New York, USA
6 December 2012
|UNDP Human Development Report Office (December 6th 2012)
In a small ceremony on Thursday Dec. 6th at the Human Development Report Office, a new conference room was formally inaugurated in honor of the late Mahbub ul Haq, the founder of the Human Development Reports, in recognition of his enduring contributions to the United Nations and to global thinking on human development.
Speaking at the inauguration were the Nobel laureate Amartya Sen, Mahbub ul Haq’s close friend and collaborator on the first Human Development Reports; Jan Eliasson, the Deputy Secretary-General of the United Nations; Rebeca Grynspan, the Associate Administrator of UNDP; Bill Draper, the former UNDP Administrator who commissioned the first Reports; Khadija Haq, Mahbub ul Haq’s widow, and now the head of the Mahbub ul Haq Human Development Center in Pakistan; and Khalid Malik, the director of the Human Development Report Office.
Khalid Malik, in his introduction, spoke about the enduring power of Mahbub ul Haq’s ideas, including through his continuing impact on those who had the opportunity to work with him directly. Rebeca Grynspan noted how as a Costa Rican cabinet minister and then as vice-president in the 1990s, she was inspired by and sought to put into practice the philosophy of the Human Development Reports, working with her government colleagues to accelerate public investment in health and education.
Bill Draper, reflecting back on how he persuaded Haq to join UNDP and write the first Reports, noted that the promise of intellectual independence was crucial both to that recruitment effort and to the ultimate success of the Reports, which were intended to provoke debate and challenge conventional wisdom. Draper recounted how he brought the first Report to the White House to show it to then-US-president George H.W. Bush, who pronounced himself ‘impressed’ by its rigor, notwithstanding the relatively low U.S. ranking among the wealthier nations in the then-new Human Development Index.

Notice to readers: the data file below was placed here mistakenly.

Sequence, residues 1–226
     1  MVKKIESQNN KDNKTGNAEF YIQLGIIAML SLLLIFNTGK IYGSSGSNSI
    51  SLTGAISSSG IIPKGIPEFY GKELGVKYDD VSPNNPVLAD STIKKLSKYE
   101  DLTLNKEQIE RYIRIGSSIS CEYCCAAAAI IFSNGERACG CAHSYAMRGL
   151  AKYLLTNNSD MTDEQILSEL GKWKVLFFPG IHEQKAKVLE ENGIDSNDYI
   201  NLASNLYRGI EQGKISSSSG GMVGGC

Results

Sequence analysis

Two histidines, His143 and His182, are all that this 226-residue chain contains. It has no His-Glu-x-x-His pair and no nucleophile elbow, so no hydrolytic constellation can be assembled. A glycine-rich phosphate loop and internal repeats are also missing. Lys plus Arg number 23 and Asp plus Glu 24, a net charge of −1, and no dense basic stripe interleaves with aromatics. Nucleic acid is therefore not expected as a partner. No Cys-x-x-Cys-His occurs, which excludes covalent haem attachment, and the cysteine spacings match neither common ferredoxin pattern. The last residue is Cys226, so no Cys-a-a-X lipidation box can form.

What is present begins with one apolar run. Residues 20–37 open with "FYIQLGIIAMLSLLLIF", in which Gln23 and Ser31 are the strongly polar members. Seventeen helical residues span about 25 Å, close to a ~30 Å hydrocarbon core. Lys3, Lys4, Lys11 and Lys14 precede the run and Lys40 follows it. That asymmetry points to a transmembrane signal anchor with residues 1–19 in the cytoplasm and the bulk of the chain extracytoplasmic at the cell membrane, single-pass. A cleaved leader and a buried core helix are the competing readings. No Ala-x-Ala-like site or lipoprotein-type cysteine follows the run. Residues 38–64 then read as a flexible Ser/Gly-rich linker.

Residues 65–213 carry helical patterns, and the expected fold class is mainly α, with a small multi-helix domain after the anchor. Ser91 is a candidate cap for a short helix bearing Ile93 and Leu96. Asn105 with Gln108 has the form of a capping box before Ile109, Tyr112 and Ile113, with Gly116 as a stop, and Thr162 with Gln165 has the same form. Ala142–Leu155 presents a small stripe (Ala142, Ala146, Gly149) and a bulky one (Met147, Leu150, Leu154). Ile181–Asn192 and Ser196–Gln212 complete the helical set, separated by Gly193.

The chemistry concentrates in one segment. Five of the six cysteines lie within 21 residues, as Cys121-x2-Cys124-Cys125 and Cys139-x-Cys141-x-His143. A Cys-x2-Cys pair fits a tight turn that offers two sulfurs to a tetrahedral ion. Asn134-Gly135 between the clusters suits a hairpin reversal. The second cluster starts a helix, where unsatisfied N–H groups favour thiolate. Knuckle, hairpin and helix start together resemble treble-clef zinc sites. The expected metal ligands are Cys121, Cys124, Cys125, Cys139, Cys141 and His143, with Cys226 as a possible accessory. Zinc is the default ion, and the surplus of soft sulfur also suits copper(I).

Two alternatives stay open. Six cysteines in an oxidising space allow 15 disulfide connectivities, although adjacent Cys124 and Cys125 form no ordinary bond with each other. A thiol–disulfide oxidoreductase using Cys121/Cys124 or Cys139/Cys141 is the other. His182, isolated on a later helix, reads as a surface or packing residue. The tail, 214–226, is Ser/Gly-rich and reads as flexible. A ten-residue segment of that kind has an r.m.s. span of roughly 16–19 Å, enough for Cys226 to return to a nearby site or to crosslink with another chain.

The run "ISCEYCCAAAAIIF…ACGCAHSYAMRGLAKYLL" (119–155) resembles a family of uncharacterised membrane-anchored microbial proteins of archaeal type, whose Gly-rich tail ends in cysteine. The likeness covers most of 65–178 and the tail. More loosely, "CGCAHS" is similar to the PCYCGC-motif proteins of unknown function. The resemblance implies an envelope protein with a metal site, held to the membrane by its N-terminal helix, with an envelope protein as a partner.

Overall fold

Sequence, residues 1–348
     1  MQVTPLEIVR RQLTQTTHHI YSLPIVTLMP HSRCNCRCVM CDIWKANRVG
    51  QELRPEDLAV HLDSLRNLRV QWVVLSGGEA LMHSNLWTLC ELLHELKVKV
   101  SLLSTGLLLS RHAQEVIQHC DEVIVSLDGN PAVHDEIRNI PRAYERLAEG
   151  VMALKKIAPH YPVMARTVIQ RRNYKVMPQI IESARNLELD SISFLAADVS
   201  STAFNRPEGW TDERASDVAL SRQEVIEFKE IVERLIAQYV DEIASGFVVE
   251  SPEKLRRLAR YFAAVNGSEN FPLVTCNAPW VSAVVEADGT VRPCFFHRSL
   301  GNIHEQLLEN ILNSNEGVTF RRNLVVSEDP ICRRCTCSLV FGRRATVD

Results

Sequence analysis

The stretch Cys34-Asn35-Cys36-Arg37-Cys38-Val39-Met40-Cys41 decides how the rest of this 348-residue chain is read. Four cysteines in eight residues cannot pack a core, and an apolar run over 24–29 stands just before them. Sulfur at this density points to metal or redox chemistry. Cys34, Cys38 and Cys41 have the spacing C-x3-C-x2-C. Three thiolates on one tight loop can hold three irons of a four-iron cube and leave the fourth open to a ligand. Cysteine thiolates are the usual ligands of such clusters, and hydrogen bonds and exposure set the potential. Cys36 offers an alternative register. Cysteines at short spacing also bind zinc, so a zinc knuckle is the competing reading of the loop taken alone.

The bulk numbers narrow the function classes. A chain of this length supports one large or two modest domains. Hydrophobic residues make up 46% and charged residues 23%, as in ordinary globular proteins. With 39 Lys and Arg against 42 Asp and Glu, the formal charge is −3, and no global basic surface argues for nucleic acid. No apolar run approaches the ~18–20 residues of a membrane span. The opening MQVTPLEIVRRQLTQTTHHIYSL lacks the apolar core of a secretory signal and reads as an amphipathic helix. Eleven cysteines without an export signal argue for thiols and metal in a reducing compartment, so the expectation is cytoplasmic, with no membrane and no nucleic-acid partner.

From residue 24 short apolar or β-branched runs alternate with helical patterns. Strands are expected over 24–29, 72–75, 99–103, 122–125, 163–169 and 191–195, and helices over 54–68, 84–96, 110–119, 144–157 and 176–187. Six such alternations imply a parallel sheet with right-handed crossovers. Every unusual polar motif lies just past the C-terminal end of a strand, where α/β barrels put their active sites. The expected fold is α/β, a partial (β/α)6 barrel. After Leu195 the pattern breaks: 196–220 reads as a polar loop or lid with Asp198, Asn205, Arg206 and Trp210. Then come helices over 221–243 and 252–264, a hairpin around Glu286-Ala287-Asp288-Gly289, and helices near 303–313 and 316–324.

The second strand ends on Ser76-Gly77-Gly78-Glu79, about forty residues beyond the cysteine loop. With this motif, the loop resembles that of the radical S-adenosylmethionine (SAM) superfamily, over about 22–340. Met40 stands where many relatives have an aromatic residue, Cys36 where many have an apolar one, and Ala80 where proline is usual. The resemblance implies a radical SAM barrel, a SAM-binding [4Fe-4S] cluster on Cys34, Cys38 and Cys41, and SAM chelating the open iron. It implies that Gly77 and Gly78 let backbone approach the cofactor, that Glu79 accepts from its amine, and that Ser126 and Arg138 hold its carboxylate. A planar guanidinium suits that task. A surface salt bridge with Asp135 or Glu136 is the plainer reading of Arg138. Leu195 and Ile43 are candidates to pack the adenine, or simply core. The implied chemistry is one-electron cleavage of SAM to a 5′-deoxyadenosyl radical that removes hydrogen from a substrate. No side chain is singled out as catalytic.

Sen recalled meeting Mahbub ul Haq for the first time as an undergraduate at Cambridge in 1953, beginning a long friendship and professional partnership that continued until Mahbub ul Haq’s untimely death in 1998 at the age of 64. In his recollections of their collaboration on the Human Development Reports and the Human Development Index, the Nobel laureate said that while its impact on global development thinking was immediate and important, he remains “somewhat surprised that it hasn’t had even more influence,” as narrowly economic measurements of progress still dominate development thinking in most countries and governments. There is still much work to be done to put Mahbub ul Haq’s vision and insights into practice around the world, Sen stressed.
Deputy Secretary-General Eliasson, who as a UN humanitarian relief official in the 1990s had known and worked with Mahbub ul Haq, remembered him as “a man of uncommon brilliance and compassion.” The Deputy Secretary-General’s prepared remarks for the occasion follow: